New DNA Storage System Can Store 490 Exabytes Per Gram and Allows Data to Be Rewritten

New DNA Storage System Can Store 490 Exabytes Per Gram and Allows Data to Be Rewritten
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By 2020, the amount of digital data produced will total 40 trillion gigabytes! Yet that mind-blowing amount of information can be crammed into just 82 grams of DNA.

For that, we can thank Professor Olgica Milenkovic and the many other researchers who have made DNA data storage a reality. Milenkovic, who is based out of the University of Illinois, believes that DNA-based storage will be the primary storage mechanism of many archival systems in the near future.

"The media is extremely durable and has exceptionally high storage density," she says.

Exceptional is a bit of an understatement. While the hard drives of many desktop computers sold today can store one terabyte of information, three years ago, researchers at Harvard created a technique that could store 700 terabytes on a single gram of DNA. A year later, another team raised the capacity to 2200 terabytes.

Just last week, however, Milenkovic and her team detailed a new system capable of storing 490 exabytes on a single gram, which is equal to 490 billion gigabytes! Besides smashing the previous storage record, her technique also permitted data stored on DNA to be selectively accessed and rewritten, two huge advances over previous DNA storage methods.

With DNA storage, data is first translated to binary (1s and 0s), then in-turn converted to DNA bases (A, G, T, and C). Once the information is laid out, DNA is synthesized to match the data. To read the information contained inside, scientists simply sequence the DNA and convert the data back to binary. 

Milenkovic and her team synthesized DNA with 1000 bytes per strand. Each strand was tagged with two address sequences at each end. These sequences allowed the team to identify specific DNA strands, enabling them to access specific information. Once they amplified the strand they wanted, they could re-write the information contained within using conventional DNA editing techniques.

The researchers tested their technique on Wikipedia.

"We encoded parts of the Wikipedia pages of six universities in the USA, and selected and edited parts of the text written in DNA corresponding to three of these schools," they wrote.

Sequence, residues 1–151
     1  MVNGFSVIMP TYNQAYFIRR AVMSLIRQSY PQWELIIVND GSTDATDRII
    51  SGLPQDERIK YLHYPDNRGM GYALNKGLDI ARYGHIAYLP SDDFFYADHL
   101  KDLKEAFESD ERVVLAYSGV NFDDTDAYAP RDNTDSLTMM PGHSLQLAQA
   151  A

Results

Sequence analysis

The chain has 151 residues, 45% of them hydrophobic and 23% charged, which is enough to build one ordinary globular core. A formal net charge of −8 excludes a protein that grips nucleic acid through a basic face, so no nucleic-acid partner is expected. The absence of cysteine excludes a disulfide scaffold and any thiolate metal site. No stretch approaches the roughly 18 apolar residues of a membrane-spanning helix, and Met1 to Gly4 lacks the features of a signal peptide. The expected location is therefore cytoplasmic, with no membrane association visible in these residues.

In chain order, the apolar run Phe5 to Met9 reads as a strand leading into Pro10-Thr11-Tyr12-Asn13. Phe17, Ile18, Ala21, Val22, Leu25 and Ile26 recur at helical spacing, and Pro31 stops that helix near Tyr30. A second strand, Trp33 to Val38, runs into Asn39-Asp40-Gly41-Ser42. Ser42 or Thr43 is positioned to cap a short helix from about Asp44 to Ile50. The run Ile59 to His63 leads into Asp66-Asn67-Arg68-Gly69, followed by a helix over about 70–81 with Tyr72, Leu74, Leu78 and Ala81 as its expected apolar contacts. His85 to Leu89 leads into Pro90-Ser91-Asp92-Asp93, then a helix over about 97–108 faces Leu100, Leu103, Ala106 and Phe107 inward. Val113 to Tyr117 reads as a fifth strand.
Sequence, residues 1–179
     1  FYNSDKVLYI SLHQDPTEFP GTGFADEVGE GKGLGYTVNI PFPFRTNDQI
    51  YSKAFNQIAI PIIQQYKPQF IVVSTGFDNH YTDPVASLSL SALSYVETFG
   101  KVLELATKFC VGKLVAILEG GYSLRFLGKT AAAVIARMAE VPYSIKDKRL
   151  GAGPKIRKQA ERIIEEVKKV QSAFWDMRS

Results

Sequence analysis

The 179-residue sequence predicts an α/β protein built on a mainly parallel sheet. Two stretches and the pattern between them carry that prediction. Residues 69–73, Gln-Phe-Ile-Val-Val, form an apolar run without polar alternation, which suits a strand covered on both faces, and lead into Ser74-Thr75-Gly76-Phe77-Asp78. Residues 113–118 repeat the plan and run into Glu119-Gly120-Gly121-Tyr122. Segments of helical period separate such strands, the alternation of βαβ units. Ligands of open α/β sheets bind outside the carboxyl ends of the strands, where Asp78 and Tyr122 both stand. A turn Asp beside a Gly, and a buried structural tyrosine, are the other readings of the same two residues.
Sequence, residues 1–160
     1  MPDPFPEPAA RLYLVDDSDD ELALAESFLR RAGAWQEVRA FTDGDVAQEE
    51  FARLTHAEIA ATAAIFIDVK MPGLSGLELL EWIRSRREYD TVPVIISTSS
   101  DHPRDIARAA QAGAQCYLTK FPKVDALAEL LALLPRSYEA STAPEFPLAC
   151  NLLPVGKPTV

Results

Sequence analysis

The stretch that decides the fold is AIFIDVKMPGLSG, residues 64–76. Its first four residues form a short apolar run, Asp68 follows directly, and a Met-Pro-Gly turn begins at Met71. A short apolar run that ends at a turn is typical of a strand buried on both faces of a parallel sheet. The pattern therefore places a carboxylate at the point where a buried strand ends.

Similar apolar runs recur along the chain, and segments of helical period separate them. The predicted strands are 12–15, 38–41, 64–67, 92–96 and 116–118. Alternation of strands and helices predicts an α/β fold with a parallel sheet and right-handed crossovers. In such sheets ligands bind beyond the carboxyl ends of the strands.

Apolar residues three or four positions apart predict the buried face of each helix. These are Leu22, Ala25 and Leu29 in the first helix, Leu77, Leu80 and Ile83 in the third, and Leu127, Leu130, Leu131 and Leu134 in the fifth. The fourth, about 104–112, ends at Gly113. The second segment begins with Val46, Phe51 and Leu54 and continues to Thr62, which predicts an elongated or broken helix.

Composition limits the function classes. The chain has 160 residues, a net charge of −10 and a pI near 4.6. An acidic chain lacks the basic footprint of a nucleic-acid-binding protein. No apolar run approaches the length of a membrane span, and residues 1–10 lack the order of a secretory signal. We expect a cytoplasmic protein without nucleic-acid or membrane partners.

While Milenkovic's DNA storage method improves on prior techniques, it is also much more expensive. Encoding and storing 17 kilobytes (KB) of data cost $4,023. A previous technique stored 739 KB of data for $12,600.

This comparison points out a glaring problem with DNA storage.

"The costs of synthesizing DNA (i.e. recording the information) are prohibitively high at the moment to allow this technology to be competitive with flash or other memories," Milenkovic told RCS in an email.

Costs are declining extremely fast, however.

"Within the last seven months, the cost of synthesizing 1000 bps blocks reduced almost 7-fold," the researchers wrote.

When DNA data storage costs drop significantly enough, the method may be of use to large governmental, scientific, or historical organizations. The Large Hadron Collider, for example, creates 15 petabytes of data each year!

But could DNA storage ever find a home in personal computers?

"I do not see how one could directly connect classical computers with DNA storage media at the moment, as one needs to do some processing on the DNA output to make it readable by a computer," Milenkovic told RCS. "But this processing may be incorporated into new generations of DNA sequencers - I am not aware of anyone working on this subject at the moment, though."

Source: Tabatabaei Yazdi, S. M. H. et al. A Rewritable, Random-Access DNA-Based Storage System. Sci. Rep. 5, 14138; doi: 10.1038/srep14138 (2015)

(Image: Shutterstock)

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